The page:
Many cities and towns were founded on Catherine's orders in the newly conquered lands, most notably Odessa, Yekaterinoslav (today known as Dnipro), Kherson, Nikolayev, and Sevastopol. An admirer of Peter the Great, Catherine continued to modernise Russia along Western European lines. However, military conscription and the economy continued to depend on serfdom, and the increasing demands of the state and of private landowners intensified the exploitation of serf labour. This was one of the chief reasons behind rebellions, including Pugachev's Rebellion of Cossacks, nomads, peoples of the Volga, and peasants.
The Manifesto on Freedom of the Nobility, issued during the short reign of Peter III and confirmed by Catherine, freed Russian nobles from compulsory military or state service. The construction of many mansions of the nobility, in the classical style endorsed by the empress, changed the face of the country. She is often included in the ranks of the enlightened despots.[d] As a patron of the arts, she presided over the age of the Russian Enlightenment, including the establishment of the Smolny Institute of Noble Maidens, the first state-financed higher education institution for women in Europe.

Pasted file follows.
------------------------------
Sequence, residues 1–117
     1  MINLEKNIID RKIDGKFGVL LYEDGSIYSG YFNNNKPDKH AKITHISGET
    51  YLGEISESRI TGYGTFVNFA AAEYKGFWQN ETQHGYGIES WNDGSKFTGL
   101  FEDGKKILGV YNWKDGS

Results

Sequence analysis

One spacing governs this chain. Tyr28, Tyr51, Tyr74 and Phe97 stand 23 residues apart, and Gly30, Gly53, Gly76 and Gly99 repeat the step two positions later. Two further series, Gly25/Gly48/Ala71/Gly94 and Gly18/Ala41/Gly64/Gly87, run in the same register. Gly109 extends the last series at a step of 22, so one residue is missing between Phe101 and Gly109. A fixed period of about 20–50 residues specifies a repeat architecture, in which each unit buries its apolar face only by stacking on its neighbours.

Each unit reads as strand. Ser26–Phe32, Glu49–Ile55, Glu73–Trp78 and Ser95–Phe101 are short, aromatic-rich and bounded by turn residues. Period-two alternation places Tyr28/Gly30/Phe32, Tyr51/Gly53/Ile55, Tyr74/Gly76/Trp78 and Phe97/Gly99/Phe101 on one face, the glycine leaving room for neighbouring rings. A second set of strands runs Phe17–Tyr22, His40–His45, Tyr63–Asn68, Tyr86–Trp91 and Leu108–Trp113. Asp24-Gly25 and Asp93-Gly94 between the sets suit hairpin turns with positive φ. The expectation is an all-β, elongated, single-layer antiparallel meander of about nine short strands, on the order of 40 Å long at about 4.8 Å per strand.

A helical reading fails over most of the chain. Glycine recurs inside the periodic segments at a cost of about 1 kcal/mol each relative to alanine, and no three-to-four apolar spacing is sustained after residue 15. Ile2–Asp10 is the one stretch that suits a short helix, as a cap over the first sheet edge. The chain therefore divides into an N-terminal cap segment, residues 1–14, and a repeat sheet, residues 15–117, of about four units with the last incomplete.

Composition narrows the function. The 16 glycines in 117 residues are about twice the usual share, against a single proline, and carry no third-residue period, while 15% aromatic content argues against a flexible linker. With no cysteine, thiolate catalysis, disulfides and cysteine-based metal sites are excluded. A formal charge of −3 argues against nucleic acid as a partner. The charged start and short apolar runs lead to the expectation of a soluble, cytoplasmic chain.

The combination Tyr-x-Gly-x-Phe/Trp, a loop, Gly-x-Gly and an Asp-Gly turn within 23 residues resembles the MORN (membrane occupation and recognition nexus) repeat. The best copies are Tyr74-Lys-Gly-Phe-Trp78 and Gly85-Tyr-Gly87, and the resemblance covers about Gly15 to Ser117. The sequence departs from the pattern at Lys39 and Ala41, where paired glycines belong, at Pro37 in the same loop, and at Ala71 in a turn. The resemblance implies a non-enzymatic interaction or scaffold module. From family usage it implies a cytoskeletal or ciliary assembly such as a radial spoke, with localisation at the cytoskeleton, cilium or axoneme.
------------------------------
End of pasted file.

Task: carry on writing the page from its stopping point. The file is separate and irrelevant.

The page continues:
Wolfgang Amadeus Mozart
[a] (27 January 1756 – 5 December 1791), baptised as Joannes Chrysostomus Wolfgangus Theophilus Mozart,[b] was a prolific and influential composer of the Classical period. Despite his short life, his rapid pace of composition resulted in more than 800 works of virtually every genre of his time. Many of these compositions are acknowledged as pinnacles of the symphonic, concertante, chamber, operatic, and choral repertoire. Mozart is widely regarded as among the greatest composers in the history of Western music,[1] with his music admired for its "melodic beauty, its formal elegance and its richness of harmony and texture".[2]